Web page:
Smalltalk’s single inheritance model is clean and simple, but it also has many limitations. The most obvious limitation is that a class can only share code with one other class, its superclass. In addition, there are also more conceptual limitations. If I create a subclass B of class A, an instance of B should be considered a special case of an instance of A. The typical toy example of this is animals. Let’s say that the class Eagle extends the class Bird which extends the class Animal. This models the fact that an eagle is a bird and a bird is an animal. On the other hand, a bat shares many of the characteristics of a bird but it is not a bird so the class Bat cannot inherit from Bird. Even though there is much code in the class Bird that could be used in class Bat, single inheritance doesn’t allow them to share code because it is just conceptually wrong. I guess this is a pretty poor example but at least if someone disagrees and believes a bat can be implemented by using parts of birds I can just sit back and wait for the villagers with torches and pitchforks to take care of him. But I digress.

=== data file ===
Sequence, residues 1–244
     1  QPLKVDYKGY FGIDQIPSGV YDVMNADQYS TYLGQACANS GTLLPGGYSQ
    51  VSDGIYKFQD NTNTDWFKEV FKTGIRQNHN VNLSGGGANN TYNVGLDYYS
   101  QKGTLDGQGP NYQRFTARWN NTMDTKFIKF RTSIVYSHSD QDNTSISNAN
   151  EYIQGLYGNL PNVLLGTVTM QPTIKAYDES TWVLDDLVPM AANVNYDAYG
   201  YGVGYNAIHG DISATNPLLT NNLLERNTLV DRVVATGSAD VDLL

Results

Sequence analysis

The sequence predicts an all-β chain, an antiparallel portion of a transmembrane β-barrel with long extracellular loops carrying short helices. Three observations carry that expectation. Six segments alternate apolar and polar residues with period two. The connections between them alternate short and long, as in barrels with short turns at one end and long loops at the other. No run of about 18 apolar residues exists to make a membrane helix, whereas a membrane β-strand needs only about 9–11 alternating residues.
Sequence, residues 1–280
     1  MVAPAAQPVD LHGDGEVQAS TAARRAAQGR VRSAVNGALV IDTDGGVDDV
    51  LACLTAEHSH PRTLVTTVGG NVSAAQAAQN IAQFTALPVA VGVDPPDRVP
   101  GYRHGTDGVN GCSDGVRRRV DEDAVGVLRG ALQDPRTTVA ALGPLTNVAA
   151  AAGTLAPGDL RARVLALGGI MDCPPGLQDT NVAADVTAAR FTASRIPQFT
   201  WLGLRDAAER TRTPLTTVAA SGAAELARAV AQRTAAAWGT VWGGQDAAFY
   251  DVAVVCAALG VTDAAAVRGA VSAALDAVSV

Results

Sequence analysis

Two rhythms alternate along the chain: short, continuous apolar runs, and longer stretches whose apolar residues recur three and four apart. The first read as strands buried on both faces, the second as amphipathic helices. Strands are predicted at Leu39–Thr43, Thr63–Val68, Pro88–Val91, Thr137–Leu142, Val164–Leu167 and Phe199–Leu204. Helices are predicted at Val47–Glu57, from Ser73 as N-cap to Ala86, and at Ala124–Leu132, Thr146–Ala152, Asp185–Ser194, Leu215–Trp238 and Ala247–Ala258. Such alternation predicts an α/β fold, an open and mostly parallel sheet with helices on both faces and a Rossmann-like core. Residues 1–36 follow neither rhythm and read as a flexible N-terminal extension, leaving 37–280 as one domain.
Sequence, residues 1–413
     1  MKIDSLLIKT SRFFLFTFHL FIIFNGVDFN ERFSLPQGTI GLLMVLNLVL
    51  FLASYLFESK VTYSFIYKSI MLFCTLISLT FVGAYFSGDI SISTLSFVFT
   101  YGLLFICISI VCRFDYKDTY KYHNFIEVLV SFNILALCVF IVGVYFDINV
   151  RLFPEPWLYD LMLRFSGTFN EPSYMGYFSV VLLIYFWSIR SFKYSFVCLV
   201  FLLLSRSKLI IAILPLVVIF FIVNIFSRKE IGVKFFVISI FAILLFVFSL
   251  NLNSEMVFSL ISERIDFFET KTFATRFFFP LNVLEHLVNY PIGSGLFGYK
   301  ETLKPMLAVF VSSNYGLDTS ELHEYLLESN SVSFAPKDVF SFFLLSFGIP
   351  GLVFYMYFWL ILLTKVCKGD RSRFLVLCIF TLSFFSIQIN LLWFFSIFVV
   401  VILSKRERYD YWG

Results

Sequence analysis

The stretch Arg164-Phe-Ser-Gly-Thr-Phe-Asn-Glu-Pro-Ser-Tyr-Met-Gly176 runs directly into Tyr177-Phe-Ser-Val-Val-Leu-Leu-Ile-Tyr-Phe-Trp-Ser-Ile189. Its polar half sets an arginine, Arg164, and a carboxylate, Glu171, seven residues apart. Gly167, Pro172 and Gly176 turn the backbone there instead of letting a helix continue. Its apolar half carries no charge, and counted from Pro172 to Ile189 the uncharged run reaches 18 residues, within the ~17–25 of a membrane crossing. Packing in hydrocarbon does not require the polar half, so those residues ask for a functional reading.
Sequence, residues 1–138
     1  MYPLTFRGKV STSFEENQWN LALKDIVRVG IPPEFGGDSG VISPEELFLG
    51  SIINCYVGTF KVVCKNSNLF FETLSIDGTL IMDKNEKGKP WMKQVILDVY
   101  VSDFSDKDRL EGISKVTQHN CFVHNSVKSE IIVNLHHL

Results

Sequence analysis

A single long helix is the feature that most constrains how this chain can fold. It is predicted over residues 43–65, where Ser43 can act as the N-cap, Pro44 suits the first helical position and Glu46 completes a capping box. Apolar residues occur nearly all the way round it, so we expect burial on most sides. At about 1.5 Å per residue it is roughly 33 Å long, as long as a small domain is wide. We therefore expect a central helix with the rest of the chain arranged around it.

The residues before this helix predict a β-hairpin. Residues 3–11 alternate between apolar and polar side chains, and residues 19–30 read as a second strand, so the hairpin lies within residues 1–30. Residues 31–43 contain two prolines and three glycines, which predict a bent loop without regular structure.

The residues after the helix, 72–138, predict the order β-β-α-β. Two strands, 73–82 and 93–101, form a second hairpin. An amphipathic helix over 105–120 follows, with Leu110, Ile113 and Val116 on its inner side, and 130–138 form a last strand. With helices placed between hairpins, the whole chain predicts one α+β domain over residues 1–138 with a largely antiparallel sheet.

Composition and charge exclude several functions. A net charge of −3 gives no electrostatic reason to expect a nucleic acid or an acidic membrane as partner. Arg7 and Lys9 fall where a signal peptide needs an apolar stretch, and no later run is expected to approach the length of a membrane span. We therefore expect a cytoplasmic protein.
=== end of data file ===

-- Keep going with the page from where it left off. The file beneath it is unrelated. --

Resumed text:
C++, another ancestor of neptune, has multiple inheritance which at least solves some of the problem — a class can now share code with more than one other class — but introduces so many other problems that we’ve never really considered it as a serious alternative. The solution we’ve decided to go for is traits. Traits seem to be slowly making their way into the mainstream as a more flexible way of sharing code between classes; variants can be found in languages such as perl6, scala and fortress.